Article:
13 September 2005 by Ian Davis
I experienced something of a system shock at the DC2005 conference today. I sat in on the Architecture Working Group meeting and as events unfolded I suddenly realised that, without a radical change, I could well be witnessing the beginning of the end of the RDF project.
We were discussing the progress of the Dublin Core RDF task force and there were a number of agenda items under discussion. We didn’t get past the first item though – it was so hairy and ugly that no-one could agree on the right approach. The essence of the problem is best illustrated by the
dc:creator term. The current definition says An entity primarily responsible for making the content of the resource.. The associated comments states Typically, the name of a Creator should be used to indicate the entity and this is exactly the most common usage. Most people, most of the time use a person’s name as the value of this term. That’s the natural mode if you write it in an HTML meta tag and it’s the way tens or hundreds of thousands of records have been written over the past six years. Here’s that model:
Of course, us RDFers, with our penchant for precision and accuracy take issue with the notion of using a string to denote an “entity”. Is it an entity or the name of an entity. Most of us prefer to add some structure to
dc:creator, perhaps using a
foaf:Person as the value. It lets us make more assertions about the creator entity. Here’s a picture of that model:
The problem, if it isn’t immediately obvious, is that in RDF and RDFS it’s impossible to specify that a property can have a literal value but not a resource or vice versa. When I ask “what is the email address of the creator of this resource?” what should the (non-OWL) query engine return when the value of creator is a literal? It isn’t a new issue, and is discussed in-depth on the FOAF wiki.
There are several proposals for dealing with this. The one that seemed to get the most support was to recommend the latter approach and make the first illegal. That means making hundreds of thousands of documents invalid. A second approach was to endorse current practice and change the semantics of the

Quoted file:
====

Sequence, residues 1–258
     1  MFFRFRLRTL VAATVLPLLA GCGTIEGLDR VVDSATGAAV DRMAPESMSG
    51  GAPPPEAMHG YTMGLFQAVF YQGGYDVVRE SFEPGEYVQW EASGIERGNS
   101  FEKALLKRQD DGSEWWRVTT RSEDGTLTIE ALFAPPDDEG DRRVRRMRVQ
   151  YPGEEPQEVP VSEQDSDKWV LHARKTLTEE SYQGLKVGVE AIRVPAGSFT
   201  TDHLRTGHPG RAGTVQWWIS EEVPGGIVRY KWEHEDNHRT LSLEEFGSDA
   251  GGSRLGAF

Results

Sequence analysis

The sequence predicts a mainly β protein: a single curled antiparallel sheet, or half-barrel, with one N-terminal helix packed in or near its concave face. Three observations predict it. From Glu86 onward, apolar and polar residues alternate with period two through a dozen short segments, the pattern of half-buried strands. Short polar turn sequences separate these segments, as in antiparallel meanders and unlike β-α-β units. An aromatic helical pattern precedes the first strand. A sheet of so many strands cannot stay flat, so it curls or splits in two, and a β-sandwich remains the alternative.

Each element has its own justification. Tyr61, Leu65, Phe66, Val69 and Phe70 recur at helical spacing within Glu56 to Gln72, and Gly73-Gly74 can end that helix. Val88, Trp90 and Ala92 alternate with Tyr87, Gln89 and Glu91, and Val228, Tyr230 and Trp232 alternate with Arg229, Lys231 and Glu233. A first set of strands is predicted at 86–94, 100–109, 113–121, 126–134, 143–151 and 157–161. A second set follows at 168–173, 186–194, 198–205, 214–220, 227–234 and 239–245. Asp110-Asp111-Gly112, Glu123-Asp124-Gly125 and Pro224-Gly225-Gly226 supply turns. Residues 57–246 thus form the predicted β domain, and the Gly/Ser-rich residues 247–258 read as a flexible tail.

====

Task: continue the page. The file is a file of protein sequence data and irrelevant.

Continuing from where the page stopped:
dc:creator term to explictly mean the name of the creator and invent a new term (e.g.
creatingEntity) to represent the structured approach.
Danbri referred us to work he had done after the last DC meeting in 2004 on a SPARQL query to convert between the two forms. Discussion then moved onto special case processing for particular properties, along the lines of “if you see a dc:creator property with a literal value then you should insert a blank node and hang the literal off of that”. Note that I’m paraphrasing, no-one actually said this but it was the intent.
That’s when my crisis struck. I was sitting at the world’s foremost metadata conference in a room full of people who cared deeply about the quality of metadata and we were discussing scraping data from descriptions! Scraping metadata from Dublin Core! I had to go check the dictionary entry for oxymoron just in case that sentence was there! If professional cataloguers are having these kinds of problems with RDF then we are fucked.
It says to me that the looseness of the model is introducing far too much complexity as evidenced by the difficulties being experienced by the Dublin Core community and the W3C HTML working group. A simpler RDF could take a lot of this pain away and hit a sweet spot of simplicity versus expressivity.
Where can complexity be removed?
The graph is fundamental and I think the base triple model – the simplest construct that could possibly make a graph – is right. But there are too many types of nodes: URIs, blanks, literals, literals with language, datatyped literals, XML literals. What if there were only two: literals and URIs? The rest are a distraction. URIs are cheap and to be honest I’ve never understood why referring to me with a URI like
http://purl.org/NET/iand/foaf#ian is frowned on, especially in light of the httpRange-14 decision.
What if it were possible to define two types of properties: those that had literal values and those that had URI values? Wouldn’t that make mappings from HTML and Dublin Core simpler and easier to validate?
What if we jilted the ugly sisters of
rdf:Seq and took reification out back and shot it? How many tears would be shed?
What if we junked classes, domains and ranges? Would anyone notice? The key concept in RDF is the relationship, the property.
The result would be a subset of RDF, RDF-lite perhaps. All instances of RDF-lite would be valid RDF-full but the converse couldn’t be true. Sparql would still work and so, I suspect, would the OWL machinery despite the omission of classes. RDF diffs would be trivial without blank nodes allowing efficient synchronisation of triple stores. Signing of triples would also be possible without requiring the hoops of canonicalisation to be jumped through.
Maybe it’s necessary to take a few steps back to find the true path to the summit.